There is a reason James Simons’ RenTec is the world’s best performing hedge fund – it spots trends (even if they are glaringly obvious) well ahead of almost everyone else, and certainly long before the consensus.
That’s what happened with Deutsche Bank, when as we reported two weeks ago, the quant fund pulled its cash from Deutsche Bank as a result of soaring counterparty risk, just days before the full – and to many, devastating – extent of the German lender’s historic restructuring was disclosed, and would result in a bank that is radically different from what Deutsche Bank was previously (see “The Deutsche Bank As You Know It Is No More“).
In any case, now that RenTec is long gone, and questions about the viability of Deutsche Bank are swirling – yes, it won’t be insolvent overnight, but like the world’s biggest melting ice cube, there is simply no equity value there any more – everyone else has decided to cut their counterparty risk with the bank with the €45 trillion in derivatives, and according to Bloomberg Deutsche Bank clients, mostly hedge funds, have started a “bank run” which has culminated with about $1 billion per day being pulled from the bank.
As a result of the modern version of this “bank run”, where it’s not depositors but counterparties that are pulling their liquid exposure from DB on fears another Lehman-style lock up could freeze their funds indefinitely, Deutsche Bank is considering how to transfer some €150 billion ($168 billion) of balances held in it prime-brokerage unit – along with technology and potentially hundreds of staff – to French banking giant BNP Paribas.
One problem, as Bloomberg notes, is that such a forced attempt to change prime-broker counterparties, would be like herding cats, as the clients had already decided they have no intention of sticking with Deutsche Bank, and would certainly prefer to pick their own PB counterparty than be assigned one by the Frankfurt-based bank. Alas, the problem for DB is that with the bank run accelerating, pressure on the bank to complete a deal soon is soaring.
Here are the dynamics in a nutshell, (via Bloomberg): Deutsche Bank CEO Christian Sewing is pulling back from catering to risky hedge-fund clients, i.e. running a prime brokerage, as he attempts to radically overhaul the troubled German lender while BNP CEO Jean-Laurent Bonnafe wants to expand in the industry. A deal of this magnitude would be a stark example of the German firm’s retreat from global investment banking while potentially transforming its French rival from a small player in the so-called prime-brokerage industry to one of Europe’s biggest.
Of course, publicly telegraphing that DB is in dire liquidity straits and needs an in-kind transfer of its prime brokerage book would spark an outright panic, and so instead the story has been spun far more palatably, i.e., “BNP is providing “continuity of service” to Deutsche Bank’s prime-brokerage and electronic-equity clients as the two companies discuss transferring over technology and staff“, according to a July 7 statement. The ultimate goal of the talks is for BNP to take over the vast majority of client balances, which are slightly less than $200 billion currently.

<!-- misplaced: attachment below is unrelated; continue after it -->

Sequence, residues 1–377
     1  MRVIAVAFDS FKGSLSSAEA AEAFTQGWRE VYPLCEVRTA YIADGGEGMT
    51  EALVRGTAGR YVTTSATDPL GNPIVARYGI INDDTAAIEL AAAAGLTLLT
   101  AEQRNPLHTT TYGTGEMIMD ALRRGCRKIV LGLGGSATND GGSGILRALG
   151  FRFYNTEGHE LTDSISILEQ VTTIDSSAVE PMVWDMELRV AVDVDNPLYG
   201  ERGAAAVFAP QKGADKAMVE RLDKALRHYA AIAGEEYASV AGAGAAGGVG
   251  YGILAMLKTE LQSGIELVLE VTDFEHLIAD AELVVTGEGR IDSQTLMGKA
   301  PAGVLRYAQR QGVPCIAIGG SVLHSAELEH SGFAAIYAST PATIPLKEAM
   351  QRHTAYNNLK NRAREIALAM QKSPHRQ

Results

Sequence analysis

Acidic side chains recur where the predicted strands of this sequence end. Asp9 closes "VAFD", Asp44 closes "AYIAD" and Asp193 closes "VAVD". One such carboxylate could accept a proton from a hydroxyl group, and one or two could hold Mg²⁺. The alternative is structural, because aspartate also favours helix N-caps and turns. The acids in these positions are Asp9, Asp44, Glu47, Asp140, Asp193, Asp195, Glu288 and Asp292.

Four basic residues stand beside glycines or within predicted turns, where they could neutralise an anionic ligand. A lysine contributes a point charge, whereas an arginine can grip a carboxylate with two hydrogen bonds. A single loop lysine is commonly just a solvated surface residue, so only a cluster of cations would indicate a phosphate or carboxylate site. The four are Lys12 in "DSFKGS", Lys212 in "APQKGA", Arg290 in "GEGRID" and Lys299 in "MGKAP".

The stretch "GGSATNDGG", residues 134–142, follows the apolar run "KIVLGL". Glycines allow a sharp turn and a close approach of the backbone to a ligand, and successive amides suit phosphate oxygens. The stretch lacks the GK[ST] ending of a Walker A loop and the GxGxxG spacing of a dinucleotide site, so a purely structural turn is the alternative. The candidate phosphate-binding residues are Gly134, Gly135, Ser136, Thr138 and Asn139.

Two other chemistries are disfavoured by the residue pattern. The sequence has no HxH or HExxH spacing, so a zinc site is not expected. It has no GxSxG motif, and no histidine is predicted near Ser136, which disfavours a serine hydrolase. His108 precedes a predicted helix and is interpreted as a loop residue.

There is just one problem: nothing is preventing those clients who would be forcibly moved from a German banking giant to a French banking giant from redeeming their funds. And that’s just what they are doing. Or rather, nothing is preventing them from moving their exposure for now, which is why they are suddenly scrambling to do it before they are suddenly gated.
Which is why the final shape of the deal remains, pardon the pun, fluid, and it is unclear how it will proceed, facing a multitude of complexities, including departing clients.
In an attempt to stop the bank run, BNP executives are meeting with U.S. hedge-fund clients this week to convince them to stay following similar sit-downs with European funds last week, Bloomberg sources said.
However, if this gambit fails, and hedge funds keep moving their business elsewhere, officials at the German bank may just relegate its assets tied to the prime finance division into the newly formed Capital Release Unit, i.e. the infamous “bad bank” which is winding down unwanted assets totaling 288 billion euros ($324 billion) of leverage exposure, and the prime brokerage is responsible for much of the 170 billion euros of leverage exposure that’s coming from the equities division into the division, also known as CRU a presentation shows.
It also means that countless hegde funds are suddenly at risk of being gated on whatever liquid exposure they have toward Deutsche Bank.
To be sure, Deutsche Bank’s hedge fund balances have been declining throughout the year as speculation swirled around Sewing’s intentions for the prime brokerage, but the rate of redemptions was far lower than $1 billion per day. Now that the bank jog has become a bank run, the next question is how much liquidity reserves does DB really have and what happen if hedge funds clients – suddenly spooked they will be the last bagholders standing – pull the remaining €150 billion all at once.